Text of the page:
TEPCO Plans to Use Drones for Close Examination Inside Fukushima No. 1 Plant

Tokyo Electric Power Company Holdings, Inc., also known as TEPCO, has unveiled a groundbreaking plan to use small drones for an extensive investigation inside the Fukushima No. 1 nuclear power plant containment vessel. The highly anticipated investigation is scheduled to commence in February, marking a significant step in understanding the extent of damage caused by the 2011 nuclear disaster.

Previous investigations using underwater robots at the No. 1 plant have revealed considerable damage to the lower part of the cylindrical reinforced concrete pedestal that supports the reactor. In a bid to further scrutinize the interior, TEPCO has made the decision to deploy lightweight drones weighing a mere 185 grams. The plan involves the sequential flight of four drones, capturing approximately eight minutes of video footage from various angles. This innovative approach aims to gather three-dimensional data and provide a comprehensive assessment of the inner workings of the containment vessel.

In a parallel development, TEPCO has also confirmed the discovery of uranium in the sediment collected near the pedestal by the underwater robots in January and February of this year. The presence of uranium is believed to be a remnant of the nuclear fuel dispersed during the catastrophic accident a decade ago. This revelation underscores the ongoing challenges in cleaning up and decommissioning the Fukushima No. 1 nuclear power plant, adding to the urgency of comprehensive investigations to inform future strategies for the site.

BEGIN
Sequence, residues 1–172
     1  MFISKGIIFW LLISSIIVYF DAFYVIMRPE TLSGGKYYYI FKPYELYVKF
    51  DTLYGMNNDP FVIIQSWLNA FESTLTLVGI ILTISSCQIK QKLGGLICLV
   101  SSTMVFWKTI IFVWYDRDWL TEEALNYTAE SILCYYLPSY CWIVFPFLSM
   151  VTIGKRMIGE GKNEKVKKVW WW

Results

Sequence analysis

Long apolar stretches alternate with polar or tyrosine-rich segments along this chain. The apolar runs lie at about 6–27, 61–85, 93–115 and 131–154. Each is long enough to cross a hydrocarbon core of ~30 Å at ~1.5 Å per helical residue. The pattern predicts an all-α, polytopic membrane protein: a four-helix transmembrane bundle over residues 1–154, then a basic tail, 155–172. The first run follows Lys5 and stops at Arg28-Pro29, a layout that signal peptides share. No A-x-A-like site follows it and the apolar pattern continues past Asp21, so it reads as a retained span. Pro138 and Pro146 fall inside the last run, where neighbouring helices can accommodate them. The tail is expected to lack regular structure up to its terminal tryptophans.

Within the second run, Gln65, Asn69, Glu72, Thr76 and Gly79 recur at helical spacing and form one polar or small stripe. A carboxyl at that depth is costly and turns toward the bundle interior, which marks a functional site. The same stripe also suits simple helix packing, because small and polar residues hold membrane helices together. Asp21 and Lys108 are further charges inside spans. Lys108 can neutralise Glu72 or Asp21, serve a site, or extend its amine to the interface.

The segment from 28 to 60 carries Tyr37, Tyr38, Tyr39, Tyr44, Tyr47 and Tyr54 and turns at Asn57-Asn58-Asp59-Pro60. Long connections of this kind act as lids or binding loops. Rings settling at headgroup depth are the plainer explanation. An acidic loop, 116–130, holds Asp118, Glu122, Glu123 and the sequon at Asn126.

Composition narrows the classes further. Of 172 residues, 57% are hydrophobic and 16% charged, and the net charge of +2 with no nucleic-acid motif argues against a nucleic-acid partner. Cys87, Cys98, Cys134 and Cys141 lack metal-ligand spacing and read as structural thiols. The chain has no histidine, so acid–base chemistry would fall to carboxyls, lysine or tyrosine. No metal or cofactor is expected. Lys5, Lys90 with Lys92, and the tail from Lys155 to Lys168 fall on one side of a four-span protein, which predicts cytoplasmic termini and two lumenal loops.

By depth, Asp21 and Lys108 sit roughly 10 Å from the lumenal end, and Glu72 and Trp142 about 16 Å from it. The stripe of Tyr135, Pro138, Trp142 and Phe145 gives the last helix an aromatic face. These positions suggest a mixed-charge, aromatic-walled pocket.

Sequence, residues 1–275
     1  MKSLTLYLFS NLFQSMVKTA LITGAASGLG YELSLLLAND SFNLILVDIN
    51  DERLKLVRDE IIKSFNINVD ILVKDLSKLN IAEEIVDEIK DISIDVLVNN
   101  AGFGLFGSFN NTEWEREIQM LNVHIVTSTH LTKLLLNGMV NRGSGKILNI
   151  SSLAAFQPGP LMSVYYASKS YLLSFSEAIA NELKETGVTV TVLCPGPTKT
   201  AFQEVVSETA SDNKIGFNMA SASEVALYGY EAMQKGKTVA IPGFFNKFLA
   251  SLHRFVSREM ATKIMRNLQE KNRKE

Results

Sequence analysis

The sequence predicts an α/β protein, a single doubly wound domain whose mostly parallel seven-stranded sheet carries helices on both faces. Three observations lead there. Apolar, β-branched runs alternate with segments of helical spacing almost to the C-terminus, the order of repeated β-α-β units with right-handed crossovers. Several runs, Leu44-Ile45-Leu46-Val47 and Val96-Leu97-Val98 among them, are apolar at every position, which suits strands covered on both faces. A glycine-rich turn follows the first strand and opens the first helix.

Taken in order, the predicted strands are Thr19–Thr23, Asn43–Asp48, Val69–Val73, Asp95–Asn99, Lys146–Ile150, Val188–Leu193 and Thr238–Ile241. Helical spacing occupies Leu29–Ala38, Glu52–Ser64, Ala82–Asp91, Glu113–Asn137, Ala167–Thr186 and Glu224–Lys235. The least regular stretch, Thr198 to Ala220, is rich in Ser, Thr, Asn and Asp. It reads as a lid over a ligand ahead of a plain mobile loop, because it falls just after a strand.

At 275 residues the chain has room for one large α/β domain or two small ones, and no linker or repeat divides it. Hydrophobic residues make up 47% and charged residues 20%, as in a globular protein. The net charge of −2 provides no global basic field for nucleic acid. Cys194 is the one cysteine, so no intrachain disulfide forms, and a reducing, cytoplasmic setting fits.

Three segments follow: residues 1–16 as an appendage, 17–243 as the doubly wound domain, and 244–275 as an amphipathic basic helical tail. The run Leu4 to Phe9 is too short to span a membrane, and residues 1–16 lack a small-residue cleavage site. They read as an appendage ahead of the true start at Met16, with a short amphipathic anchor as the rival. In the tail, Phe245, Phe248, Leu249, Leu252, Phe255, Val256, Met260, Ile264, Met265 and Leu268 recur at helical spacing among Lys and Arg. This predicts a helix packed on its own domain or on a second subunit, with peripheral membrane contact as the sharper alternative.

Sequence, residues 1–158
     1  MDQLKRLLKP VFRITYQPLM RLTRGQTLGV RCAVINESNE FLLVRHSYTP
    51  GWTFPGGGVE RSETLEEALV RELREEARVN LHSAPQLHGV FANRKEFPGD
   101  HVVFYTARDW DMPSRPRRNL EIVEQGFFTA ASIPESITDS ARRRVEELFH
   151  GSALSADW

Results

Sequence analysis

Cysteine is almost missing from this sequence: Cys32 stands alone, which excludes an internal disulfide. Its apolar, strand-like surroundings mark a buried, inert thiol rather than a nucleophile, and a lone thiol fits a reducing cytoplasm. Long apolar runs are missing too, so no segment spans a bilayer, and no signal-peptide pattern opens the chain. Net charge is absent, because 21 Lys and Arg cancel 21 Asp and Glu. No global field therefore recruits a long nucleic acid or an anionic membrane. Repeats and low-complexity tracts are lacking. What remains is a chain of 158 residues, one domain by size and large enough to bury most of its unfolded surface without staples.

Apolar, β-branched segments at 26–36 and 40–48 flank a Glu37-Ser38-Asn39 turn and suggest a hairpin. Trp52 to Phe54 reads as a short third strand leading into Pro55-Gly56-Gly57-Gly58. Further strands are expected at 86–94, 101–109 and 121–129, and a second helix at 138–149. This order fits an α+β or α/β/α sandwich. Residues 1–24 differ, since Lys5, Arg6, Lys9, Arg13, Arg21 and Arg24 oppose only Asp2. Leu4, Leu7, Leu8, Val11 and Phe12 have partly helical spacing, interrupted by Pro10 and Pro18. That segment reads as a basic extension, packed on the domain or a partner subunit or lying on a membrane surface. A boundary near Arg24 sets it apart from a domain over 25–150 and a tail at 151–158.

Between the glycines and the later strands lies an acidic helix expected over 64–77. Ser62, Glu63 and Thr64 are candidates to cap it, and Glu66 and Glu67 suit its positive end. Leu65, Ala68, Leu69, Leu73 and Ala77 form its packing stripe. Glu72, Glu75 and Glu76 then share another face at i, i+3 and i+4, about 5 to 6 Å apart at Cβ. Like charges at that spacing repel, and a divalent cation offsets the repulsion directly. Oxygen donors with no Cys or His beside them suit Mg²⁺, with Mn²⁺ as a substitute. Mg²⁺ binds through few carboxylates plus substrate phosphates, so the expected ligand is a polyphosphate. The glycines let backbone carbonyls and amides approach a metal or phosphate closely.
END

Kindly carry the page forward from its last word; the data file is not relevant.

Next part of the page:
The use of drones in the forthcoming investigation represents a significant technological leap in the quest to gain a deeper understanding of the Fukushima No. 1 nuclear power plant’s current condition. The decision to deploy small drones reflects the growing reliance on cutting-edge technology to navigate the complex challenges posed by the aftermath of the 2011 disaster. Moreover, the revelation of uranium in the sediment near the pedestal underscores the long-lasting impacts of the accident, underscoring the need for sustained efforts to address the environmental and safety concerns associated with the decommissioning process.

The upcoming drone-led investigation at the Fukushima No. 1 nuclear power plant is set to draw widespread attention from experts, policymakers, and the public alike, as it promises to shed new light on the ongoing efforts to address the aftermath of one of the most devastating nuclear disasters in history. As the world awaits the findings from this groundbreaking initiative, the use of advanced technology and scientific expertise in navigating the complexities of nuclear cleanup and decommissioning will undoubtedly continue to play a crucial role in shaping the future of the Fukushima site and informing broader discussions around nuclear safety and disaster management.


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